Until forests and other areas damaged by the flood are judged safe and ready for restorative efforts, volunteers can’t pitch in, said Reghan Cloudman, a public affairs specialist for the US Forest Service.
Volunteer organizers such as the Wildlands Restoration Volunteers and US Forest Service have been forced to cancel or postpone many of their restoration projects after the Poudre River rose over 14.5 ft last week.
“What we’re trying to do now is reschedule projects that we can – that we’ve already invested so much time in and that the volunteers have invested a lot of time in,” said WRV Director John Giordanengo.
A reconnaissance sweep occurred Tuesday to gather a preliminary assessment of the forests, Cloudman. “True” assessments are scheduled to occur Wednesday by forest service employees who will look at the landscape and conditions of affected areas.
Many of their volunteers, including Giordanengo’s superior, were also directly impacted by the natural disaster.
“We have over 5,000 volunteers in our database, so you can imagine quite of few of them live in areas that were affected by the flood,” Giordanengo said.
“I feel like this is the calm before the storm for us because we are in this wait mode,” he added. “As soon as decisions are made, we are going to have to act really quickly to respond to changing needs.”
The WRV is not the only group waiting to hear back from officials at the US Forest Service to see if their projects are going to happen this fall. No one, not even the federal wildlife agency, knows exactly how volunteers will be engaged.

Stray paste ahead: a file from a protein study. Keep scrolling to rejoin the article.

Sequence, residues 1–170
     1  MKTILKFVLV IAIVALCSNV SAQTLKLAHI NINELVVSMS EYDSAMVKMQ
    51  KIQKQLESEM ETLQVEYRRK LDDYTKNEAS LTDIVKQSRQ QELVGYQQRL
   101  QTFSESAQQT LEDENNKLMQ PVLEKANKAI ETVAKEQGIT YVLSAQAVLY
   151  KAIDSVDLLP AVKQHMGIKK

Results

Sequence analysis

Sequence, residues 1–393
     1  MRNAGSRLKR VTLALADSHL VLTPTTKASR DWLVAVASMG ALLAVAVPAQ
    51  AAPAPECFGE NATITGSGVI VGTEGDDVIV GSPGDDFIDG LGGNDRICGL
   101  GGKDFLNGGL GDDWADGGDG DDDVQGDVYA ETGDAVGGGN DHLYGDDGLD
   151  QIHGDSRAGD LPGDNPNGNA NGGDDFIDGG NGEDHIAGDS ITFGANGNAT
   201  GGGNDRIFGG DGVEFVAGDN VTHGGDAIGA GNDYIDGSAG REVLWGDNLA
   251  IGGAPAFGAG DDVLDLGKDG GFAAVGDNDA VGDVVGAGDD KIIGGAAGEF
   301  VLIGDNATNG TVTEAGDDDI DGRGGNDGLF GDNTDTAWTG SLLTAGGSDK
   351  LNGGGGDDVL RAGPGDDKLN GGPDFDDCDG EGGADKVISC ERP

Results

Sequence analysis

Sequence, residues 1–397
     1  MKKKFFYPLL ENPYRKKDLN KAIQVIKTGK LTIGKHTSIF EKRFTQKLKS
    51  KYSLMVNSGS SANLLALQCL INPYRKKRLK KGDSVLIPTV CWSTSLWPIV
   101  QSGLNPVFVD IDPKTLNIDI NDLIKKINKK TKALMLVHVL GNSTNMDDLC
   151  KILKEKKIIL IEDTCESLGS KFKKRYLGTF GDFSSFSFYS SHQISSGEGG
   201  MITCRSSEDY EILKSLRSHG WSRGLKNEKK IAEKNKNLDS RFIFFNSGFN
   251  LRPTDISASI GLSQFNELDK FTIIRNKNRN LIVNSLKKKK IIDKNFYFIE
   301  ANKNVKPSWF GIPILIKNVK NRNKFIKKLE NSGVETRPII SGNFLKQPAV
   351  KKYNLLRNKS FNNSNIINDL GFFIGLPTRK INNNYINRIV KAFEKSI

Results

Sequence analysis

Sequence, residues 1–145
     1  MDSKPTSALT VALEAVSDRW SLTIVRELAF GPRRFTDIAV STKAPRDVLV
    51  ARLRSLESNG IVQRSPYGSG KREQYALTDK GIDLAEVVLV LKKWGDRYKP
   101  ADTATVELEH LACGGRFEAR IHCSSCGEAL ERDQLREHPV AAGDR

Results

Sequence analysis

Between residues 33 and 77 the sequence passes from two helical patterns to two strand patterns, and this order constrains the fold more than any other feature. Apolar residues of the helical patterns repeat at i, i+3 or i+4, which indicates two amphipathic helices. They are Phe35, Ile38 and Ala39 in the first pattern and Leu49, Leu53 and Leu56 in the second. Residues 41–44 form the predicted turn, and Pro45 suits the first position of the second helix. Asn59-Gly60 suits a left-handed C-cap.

“This is very preliminary,” Cloudman said. “We’re just getting started, so we are not sure how much work we are going to find out there.”
Present volunteer opportunities are few in number compared to what they will be after the assessments have been completed, and the affected areas have been deemed safe for the public.
“There aren’t a lot of specific volunteer opportunities today because we’re still in active rescue mode,” said Kate Hagdorn, spokesperson for United Way of Larimer County. “In the coming days and weeks, we will be moving full on into recovery mode, which is when the most amount of volunteers will be needed with cleanup and restoration.”
In the meantime, United Way has received more than 900 calls since Thursday specifically related to flood assistance, according to Hagdorn.
Material and monetary donations are currently in need.
“People are heartbroken at the devastation and want to do whatever they can to help,” Hagdorn said. “They are just very eager.”
And it isn’t the first time.
“We imagine that volunteers will want to contribute their time like they did with the High Park Fire,” Giordanengo said.
The United Way official said having to handle last year’s natural disaster had implications on handling the recent flooding.
“It certainly prepared us,” Hagdorn said. “Just understanding what the needs of the community might be, in that realm of giving help and getting help.”
The Forest Service aims to know more information about when closed areas will re-open and when organizations like the WRV will be able to begin their efforts by the end of this week or early next week .
“Everyone is still in emergency mode right now,” Giordanengo said. “It will just take time.”
Collegian Reporter Laren Cyphers can be reached at firstname.lastname@example.org.